Welcome to the London Architecture Diary, your essential guide to architecture exhibitions and events taking place across the city, brought to you by New London Architecture.
At a time when local authorities are reducing community service provision and public sector funding is contracting, what is the role of the community centre in 2016?
Historically these have been centres for service provision, community gatherings and activism. They have provided healthcare and educated those without access to traditional pathways. But are we as a society clear on what role we expect them to have in the future?
The community centre is the manifest object of a kind a collective idealism. A harking back to more sedate times, it conjures images of jumble sales and nativity plays. Despite the anachronisms, people are passionate about their local community centres and resist their demolition and closing. We have a human need to meet and associate, and often project these needs onto a particular building. The demands of the Carnegie library protestors are very much rooted in this philosophy of believing communities need a designated space to come together and be at once contained and supported.
But as London’s communities have grown and diversified, the buildings created to serve them need to do the same. While many new centres have opened across London in the last year, but how does an individual building reflect a diverse population? Indeed, does the process of defining a community in fact exclude as many people as it includes? Is it the role of the architect, owner or service provider to define whose needs are to be included?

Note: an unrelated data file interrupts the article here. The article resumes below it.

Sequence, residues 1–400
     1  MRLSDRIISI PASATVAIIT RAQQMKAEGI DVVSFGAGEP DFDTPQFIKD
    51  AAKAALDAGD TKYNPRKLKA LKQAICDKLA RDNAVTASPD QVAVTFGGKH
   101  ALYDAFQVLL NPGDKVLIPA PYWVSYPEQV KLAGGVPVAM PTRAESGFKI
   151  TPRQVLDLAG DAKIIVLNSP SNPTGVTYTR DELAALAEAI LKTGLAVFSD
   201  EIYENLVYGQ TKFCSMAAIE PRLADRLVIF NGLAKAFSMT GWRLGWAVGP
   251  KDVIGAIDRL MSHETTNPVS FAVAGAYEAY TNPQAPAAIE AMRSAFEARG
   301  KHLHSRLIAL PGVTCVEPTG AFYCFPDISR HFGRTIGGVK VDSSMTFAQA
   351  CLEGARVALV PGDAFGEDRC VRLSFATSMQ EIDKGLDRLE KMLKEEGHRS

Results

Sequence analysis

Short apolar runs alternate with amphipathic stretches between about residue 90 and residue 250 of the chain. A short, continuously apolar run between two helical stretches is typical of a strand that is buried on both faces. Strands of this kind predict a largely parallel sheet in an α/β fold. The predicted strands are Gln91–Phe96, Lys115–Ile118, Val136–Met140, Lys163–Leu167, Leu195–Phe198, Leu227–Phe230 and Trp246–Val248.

Chaired by Amanda Baillieu, Founder, Archiboo and Editor-at-Large, BD Online
- Russell Curtis (RCKA)
- Steve Tompkins (Haworth Tompkins)
- Stephen Proctor (Proctor Matthews)
- Sarah Featherstone (Featherstone Young)
- David Jubb (Battersea Arts Centre)
Join us before the talk for drinks at G11, Oxo Tower Wharf (5 minute walk from Coin Street Neighbourhood Centre) to celebrate the opening of ‘Community Consequences’, a new exhibition of work by Projects Office as part of London Festival of Architecture 2016.
Further information about the exhibition can be found here.
Exhibition Opening from 5.30pm: ‘Community Consequences’ Projects Office
G11, Oxo Tower Wharf
London SE1 9PH